October 10, 2018 the Senate voted on Senator Baldwin’s S.2494 – Fair Care Act. Forty-nine Democrats and one Republican voted for Baldwin’s resolution, while fifty Senate Republicans voted for an expansion of junk insurance plans that can deny coverage to people with pre-existing conditions and do not have to provide essential health services like prescription drugs, emergency room visits and maternity care. Senator Susan Collins was the lone Republican voting with Democrats. It failed in the Senate.

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Trump Administration Proposes Limiting Protests Near White House

The Trump administration has proposed changes to limit demonstrations near the White House and National Mall. The limits include closing 80% of the White House sidewalk, placing limits on spontaneous demonstrations, and imposing a “First Amendment fee” for protests (gotta make up for the deficits he created).

✓ The public has until October 15 to comment on the plans.

✓ Under current policy, the National Park Service charges fees for special events (e.g., concerts and weddings), but not for First Amendment demonstrations (e.g., marches and protests).

✓ The American Civil Liberties Union, NAACP, Hispanic Federation, National Coalition Against Censorship, National Women’s Law Center, Human Rights Campaign, Sierra Club and a number of other organizations oppose the change.

Trump clearly wants to limit protesting outside of and near the White House; but, it would not cover protests coming from inside the White House.

Donald Trump continued his tirade against the Federal Reserve in a late Wednesday television appearance, laying into the central bank’s policy decisions and suggesting it is to blame for Wednesday’s sharp market decline. Saying he is “not happy” with the Fed, Trump explained why he was not happy with the Fed in a broad based economic review of Fed policy of continuing increases in Fed Rates to stave off the threat of inflation.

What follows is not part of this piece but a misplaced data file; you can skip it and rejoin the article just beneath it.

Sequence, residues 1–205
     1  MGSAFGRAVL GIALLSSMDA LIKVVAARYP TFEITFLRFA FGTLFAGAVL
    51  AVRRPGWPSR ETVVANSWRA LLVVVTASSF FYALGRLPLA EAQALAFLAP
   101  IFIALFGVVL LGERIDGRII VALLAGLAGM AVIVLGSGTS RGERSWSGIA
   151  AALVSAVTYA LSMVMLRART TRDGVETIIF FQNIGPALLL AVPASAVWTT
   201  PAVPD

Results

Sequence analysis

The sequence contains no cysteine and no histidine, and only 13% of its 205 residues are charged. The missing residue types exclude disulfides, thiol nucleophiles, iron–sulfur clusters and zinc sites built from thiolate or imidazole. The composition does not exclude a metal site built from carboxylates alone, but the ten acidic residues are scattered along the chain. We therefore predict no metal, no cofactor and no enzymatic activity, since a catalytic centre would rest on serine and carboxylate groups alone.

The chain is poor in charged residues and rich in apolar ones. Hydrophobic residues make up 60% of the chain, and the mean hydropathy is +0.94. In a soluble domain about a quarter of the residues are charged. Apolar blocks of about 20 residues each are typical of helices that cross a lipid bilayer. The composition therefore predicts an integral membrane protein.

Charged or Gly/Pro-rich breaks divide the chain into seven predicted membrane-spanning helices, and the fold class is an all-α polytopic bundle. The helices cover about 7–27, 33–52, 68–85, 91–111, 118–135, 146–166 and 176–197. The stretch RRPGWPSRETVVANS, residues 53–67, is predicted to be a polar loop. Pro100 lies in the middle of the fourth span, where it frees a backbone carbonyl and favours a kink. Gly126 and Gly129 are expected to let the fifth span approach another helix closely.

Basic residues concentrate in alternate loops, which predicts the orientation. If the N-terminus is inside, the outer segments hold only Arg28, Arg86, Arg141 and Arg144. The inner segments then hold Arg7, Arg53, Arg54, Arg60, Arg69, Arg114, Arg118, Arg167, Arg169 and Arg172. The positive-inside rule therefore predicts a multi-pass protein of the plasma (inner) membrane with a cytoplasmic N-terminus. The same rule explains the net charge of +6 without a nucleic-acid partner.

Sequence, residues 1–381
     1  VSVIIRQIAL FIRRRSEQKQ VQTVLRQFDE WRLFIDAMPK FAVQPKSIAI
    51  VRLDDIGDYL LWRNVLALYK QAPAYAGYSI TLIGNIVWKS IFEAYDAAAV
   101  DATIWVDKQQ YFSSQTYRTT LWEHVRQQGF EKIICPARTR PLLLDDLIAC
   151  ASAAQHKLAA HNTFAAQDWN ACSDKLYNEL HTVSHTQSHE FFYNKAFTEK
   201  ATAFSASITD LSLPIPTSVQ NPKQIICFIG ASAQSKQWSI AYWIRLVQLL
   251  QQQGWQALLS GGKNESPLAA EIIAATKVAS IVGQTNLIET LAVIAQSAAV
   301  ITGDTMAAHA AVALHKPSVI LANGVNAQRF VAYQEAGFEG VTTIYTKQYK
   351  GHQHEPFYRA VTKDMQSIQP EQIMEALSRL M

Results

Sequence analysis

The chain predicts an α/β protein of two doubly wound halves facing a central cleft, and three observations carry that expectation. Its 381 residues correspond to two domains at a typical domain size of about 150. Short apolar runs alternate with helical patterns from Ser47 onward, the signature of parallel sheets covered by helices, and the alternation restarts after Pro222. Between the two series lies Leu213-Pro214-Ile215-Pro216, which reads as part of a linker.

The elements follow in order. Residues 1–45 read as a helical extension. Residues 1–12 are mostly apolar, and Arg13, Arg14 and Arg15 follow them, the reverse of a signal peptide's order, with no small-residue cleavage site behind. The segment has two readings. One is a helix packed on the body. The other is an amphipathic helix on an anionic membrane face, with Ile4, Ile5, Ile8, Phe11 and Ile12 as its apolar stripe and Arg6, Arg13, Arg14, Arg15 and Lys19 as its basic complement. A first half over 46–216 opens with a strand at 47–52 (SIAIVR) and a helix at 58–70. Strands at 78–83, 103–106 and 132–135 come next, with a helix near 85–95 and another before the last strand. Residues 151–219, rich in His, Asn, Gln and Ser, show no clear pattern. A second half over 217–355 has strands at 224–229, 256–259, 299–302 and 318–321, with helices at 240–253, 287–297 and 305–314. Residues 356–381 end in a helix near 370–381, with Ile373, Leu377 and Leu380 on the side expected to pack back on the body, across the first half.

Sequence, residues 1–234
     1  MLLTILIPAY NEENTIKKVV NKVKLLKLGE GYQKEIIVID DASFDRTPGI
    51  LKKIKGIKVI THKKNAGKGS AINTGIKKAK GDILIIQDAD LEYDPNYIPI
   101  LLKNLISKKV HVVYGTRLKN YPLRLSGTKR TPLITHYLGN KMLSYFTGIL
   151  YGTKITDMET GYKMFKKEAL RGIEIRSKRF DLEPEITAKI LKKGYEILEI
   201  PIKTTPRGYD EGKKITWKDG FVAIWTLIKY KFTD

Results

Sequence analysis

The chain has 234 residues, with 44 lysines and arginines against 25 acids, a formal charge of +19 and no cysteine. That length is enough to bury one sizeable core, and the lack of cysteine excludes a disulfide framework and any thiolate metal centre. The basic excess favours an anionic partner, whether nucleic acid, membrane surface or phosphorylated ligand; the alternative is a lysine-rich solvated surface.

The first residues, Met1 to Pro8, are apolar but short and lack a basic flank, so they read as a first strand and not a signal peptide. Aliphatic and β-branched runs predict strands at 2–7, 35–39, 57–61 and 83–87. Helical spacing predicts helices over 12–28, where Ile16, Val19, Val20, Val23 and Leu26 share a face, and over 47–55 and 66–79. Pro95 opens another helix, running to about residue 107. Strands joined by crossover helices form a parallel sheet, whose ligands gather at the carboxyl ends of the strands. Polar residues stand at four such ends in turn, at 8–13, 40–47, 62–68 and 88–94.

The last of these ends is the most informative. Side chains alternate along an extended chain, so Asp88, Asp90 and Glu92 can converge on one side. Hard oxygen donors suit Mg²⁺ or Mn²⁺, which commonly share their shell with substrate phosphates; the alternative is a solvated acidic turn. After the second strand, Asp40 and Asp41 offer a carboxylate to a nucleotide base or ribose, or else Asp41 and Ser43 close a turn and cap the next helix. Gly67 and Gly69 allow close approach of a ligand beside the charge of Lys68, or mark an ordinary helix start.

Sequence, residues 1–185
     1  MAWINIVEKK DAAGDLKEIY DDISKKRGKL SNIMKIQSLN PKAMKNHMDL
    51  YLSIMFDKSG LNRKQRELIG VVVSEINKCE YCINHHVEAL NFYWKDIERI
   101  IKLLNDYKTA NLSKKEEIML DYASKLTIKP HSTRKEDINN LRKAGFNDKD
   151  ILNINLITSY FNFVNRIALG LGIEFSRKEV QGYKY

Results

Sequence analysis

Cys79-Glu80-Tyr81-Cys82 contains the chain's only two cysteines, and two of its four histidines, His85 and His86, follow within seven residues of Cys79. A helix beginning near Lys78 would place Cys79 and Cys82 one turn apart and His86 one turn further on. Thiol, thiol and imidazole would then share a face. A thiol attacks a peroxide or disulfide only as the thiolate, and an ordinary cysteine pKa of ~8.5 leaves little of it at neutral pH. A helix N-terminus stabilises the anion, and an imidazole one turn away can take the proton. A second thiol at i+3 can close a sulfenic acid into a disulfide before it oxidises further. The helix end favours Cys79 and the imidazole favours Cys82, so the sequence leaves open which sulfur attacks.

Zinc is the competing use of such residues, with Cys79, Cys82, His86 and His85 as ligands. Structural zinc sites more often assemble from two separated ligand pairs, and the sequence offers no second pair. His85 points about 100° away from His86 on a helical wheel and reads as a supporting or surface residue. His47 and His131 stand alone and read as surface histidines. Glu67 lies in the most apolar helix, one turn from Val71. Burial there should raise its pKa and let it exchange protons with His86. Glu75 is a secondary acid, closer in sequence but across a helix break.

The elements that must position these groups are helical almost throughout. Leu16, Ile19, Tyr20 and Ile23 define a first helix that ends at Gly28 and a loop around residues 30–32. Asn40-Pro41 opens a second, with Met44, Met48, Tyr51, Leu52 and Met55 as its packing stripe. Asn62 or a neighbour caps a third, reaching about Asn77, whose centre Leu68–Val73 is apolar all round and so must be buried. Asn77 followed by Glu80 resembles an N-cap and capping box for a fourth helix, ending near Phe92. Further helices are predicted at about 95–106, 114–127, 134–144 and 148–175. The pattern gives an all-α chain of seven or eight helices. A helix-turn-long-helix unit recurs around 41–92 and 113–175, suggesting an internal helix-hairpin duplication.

“The problem I have is with the Fed. The Fed is going wild. I mean, I don’t know what their problem is that they are raising interest rates and it’s ridiculous. The problem [causing the market drop] in my opinion is the Treasury and the Fed. The Fed is going loco and there’s no reason for them to do it. I’m not happy about it.”

Earlier Wednesday, Trump suggested; “They are so tight. I think the Fed has gone crazy.”

To date, this has not been a wage driven inflationary spiral as YOY hourly income increases in nonsupervisory has been stuck at 2.7%. Trump does not appear to grasp that his and Republican policies have created the an inflationary spiral which the Fed is trying to slow and which constituents will suffer from soon enough.

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A Book Called “Eggshells”

Each morning, she awoke at 4:45 a.m., pulls on her blue janitor’s smock and heads over to the college to clean from 6 a.m. to 9:30 a.m. Then she returns home to take care of her 14-month-old daughter, Alice. The day she got the call over the summer telling her she had won a prize and Alice was being fussy.

“I’d been having a rough day — up early for my cleaning job, tearing home to mind the baby, baby wouldn’t nap and was making her feelings known,”

Caitriona Lally had written a book, a book called “Egg Shells.” As described to the Post,

“Eggshells’ is about a socially isolated misfit who walks around Dublin searching for patterns and meaning in graffiti or magical-sounding place names or small doors that could lead to another world.

I spent the guts of a year wandering around Dublin in 2011, the year I was unemployed. I had been laid off from my job in the recession and was walking the streets myself looking for ‘staff wanted’ signs, and came up with the idea of my character, Vivian, who’s just looking to belong, to connect with someone.”

This I can not describe better than she, having spent a year gaffing up trees in Wisconsin, cutting them down, and chipping the wood in a malfunctioning chipper which I had to clean the chute out by hand. I still have my fingers. For one year, I managed to keep home and family in a home until I found a better job.

Caitriona’s path to literary acclaim has been marked by plenty of rejection and job hopping.

Caitriona attended Trinity College Dublin as an undergraduate student and studied English. She worked as a custodian for the college when she was a student to offset expenses.

“I spent a couple of summers working as a cleaner in Trinity,” she wrote to The Post. “I spring-cleaned student residences after they vacated them, then worked as a chambermaid when guests came to stay in the college in the summer months. The spring cleaning was tough work — a year’s worth of grime doesn’t shift easily!”

Once Caitriona realized that she won the award and that it came with a 10,000 euro prize (about $11,500), she described it as “just pure magic.”

Caitriona hadn’t applied for the award; the prize committee selects the nominees. Winners over the years have become some of Ireland’s best-known writers, including Anne Enright and Frank McGuinness.